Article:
Image source: Stratasys.
Continue Reading Below
Although the 3D printing industry offers attractive growth potential, Stratasys' (NASDAQ: SSYS) performance has failed to impress investors over the last six quarters. Since the start of 2015, Stratasys has been hit with a notable slowdown in customer spending, and the stock reacted in kind:
When a stock loses a significant amount of its value, it often indicates that the company faces serious underlying challenges. Stratasys is no different. The company currently faces three major challenges that could undermine its turnaround efforts.
Falling printer sales
Continue Reading Below
Due to the slowdown in customer spending, Stratasys has seen six straight quarters where its printer sales have fallen on a unit and revenue basis. Management's prevailing theory is that customers have too much 3D printer capacity on hand and are opting to utilize their existing printers instead of purchasing new ones.
Data source: Stratasys. Graph by author.
Although the fall in 3D printer sales has had less of an impact on Stratasys' overall revenue over the last two quarters, slowing printer sales threaten the long-term potential of its razor-and-blades model. After all, printer sales fuel the repeated sale of materials, which are consumed over a printer's lifetime and typically carry a higher margin. With falling printer sales, the potential of this future revenue stream likely weakens.
Between the recent entrance of Carbon and the upcoming entrance of HP, Stratasys faces more competition than ever. Carbon's M1 printer is anywhere from 25 to 100 times faster than technologies before it, while HP's upcoming Multi Jet Fusion printers claims to be 10 times faster than leading extrusion and selective laser sintering-based printers. Overall, these new entrants threaten Stratasys' competitive positioning, which could make it more difficult for the company to stand out.
While it's too early to say conclusively, Stratasys' management claims that it hasn't been subjected to competitive pressures. However, the risk is if the market validates HP and Carbon with strong sales and Stratasys is slow to respond, it could come at the expense of the company's market share.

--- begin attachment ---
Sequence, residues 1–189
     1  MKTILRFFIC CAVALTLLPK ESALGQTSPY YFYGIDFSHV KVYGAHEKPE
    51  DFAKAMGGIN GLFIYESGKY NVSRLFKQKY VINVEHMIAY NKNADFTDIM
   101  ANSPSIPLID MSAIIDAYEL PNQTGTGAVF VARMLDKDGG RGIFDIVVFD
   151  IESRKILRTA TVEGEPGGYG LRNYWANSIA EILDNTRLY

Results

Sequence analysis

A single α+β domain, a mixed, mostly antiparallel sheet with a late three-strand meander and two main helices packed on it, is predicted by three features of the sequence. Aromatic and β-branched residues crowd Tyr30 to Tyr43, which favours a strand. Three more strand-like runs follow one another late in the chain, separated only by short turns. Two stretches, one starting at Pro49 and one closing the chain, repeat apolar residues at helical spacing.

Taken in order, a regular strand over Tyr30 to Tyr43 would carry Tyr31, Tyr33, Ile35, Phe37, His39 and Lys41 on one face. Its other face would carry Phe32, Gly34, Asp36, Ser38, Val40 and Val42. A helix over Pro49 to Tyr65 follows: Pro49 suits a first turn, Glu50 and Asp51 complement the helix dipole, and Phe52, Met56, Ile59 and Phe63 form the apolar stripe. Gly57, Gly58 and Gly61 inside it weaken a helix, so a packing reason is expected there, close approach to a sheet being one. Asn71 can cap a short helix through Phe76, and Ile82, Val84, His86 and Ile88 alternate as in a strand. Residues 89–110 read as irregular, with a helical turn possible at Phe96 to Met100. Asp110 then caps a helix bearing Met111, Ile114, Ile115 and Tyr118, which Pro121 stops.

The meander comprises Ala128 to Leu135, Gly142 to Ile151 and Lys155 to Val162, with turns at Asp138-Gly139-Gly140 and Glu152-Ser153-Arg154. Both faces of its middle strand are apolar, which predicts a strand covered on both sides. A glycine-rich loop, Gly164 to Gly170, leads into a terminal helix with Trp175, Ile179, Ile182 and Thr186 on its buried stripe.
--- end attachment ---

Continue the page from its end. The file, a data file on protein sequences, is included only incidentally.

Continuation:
In recent years, Stratasys' execution has been a far cry from stellar. The company failed to realize the growth potential of previously made acquisitions, including its MakerBot unit, which suffered from ongoing performance and quality issues. Ultimately, these mishaps forced the company to write off a significant value of assets tied to acquisitions. Since the start of 2015, Stratasys goodwill and intangible assets have fallen over 68%:
Last month, Ilan Levin assumed the role of CEO and hopes to improve the company's execution, efficiency, profitability, and overall strategy. Levin has been with the company in an executive role from 2000 to 2012. However, Levin's leadership style, approach, and ability to stage turnarounds, are largely unknown to the market. The risk is that Stratasys chose a leader that's too similar to his predecessor, David Reis, whose actions as CEO led to execution issues it faces today.
The bigger picture
Before investing in a stock, it's important to understand the risks and challenges a business faces as it works to realize its full potential. For Stratasys, a large part of its future success hinges on management's ability to navigate the challenges it currently faces. In other words, without solid execution on management's part, the company's other challenges may become more pronounced.
A secret billion-dollar stock opportunity
The world's biggest tech company forgot to show you something, but a few Wall Street analysts and the Fool didn't miss a beat: There's a small company that's powering their brand-new gadgets and the coming revolution in technology. And we think its stock price has nearly unlimited room to run for early in-the-know investors! To be one of them, just click here.
Steve Heller has no position in any stocks mentioned. The Motley Fool recommends Stratasys. Try any of our Foolish newsletter services free for 30 days. We Fools may not all hold the same opinions, but we all believe that considering a diverse range of insights makes us better investors. The Motley Fool has a disclosure policy.